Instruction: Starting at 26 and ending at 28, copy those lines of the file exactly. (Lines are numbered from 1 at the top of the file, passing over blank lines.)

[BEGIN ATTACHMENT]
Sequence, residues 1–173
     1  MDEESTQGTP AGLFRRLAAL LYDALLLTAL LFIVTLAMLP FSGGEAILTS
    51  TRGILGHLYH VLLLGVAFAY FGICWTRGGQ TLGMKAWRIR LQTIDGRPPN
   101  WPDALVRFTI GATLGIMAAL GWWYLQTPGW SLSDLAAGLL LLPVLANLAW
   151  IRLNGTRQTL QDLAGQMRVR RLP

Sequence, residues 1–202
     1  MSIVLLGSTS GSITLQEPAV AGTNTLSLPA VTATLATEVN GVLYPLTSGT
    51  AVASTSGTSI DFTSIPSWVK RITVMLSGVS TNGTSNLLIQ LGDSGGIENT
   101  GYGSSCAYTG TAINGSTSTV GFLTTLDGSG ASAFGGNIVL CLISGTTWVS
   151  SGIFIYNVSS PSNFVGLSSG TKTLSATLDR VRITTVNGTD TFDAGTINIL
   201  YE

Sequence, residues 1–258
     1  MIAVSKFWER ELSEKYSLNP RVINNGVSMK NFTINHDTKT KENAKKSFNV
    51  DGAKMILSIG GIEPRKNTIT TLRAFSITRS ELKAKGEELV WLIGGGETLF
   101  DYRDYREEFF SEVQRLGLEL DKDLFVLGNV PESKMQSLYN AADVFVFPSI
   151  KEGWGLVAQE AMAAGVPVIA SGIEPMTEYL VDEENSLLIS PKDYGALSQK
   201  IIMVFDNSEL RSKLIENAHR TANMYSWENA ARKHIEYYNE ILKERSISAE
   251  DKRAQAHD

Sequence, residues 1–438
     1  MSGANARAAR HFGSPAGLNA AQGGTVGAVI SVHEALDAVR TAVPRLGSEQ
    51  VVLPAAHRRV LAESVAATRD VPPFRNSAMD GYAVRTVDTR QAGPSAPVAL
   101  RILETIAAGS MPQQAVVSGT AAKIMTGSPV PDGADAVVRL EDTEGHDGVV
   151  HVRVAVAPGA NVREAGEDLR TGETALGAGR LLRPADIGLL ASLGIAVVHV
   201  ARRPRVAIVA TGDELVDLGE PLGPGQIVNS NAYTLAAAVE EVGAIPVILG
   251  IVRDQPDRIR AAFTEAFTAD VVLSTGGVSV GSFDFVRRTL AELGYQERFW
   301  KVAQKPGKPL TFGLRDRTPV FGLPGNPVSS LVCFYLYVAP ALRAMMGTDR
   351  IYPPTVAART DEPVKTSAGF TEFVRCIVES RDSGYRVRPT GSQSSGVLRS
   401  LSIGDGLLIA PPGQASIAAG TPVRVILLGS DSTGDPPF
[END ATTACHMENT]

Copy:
   301  KVAQKPGKPL TFGLRDRTPV FGLPGNPVSS LVCFYLYVAP ALRAMMGTDR
   351  IYPPTVAART DEPVKTSAGF TEFVRCIVES RDSGYRVRPT GSQSSGVLRS
   401  LSIGDGLLIA PPGQASIAAG TPVRVILLGS DSTGDPPF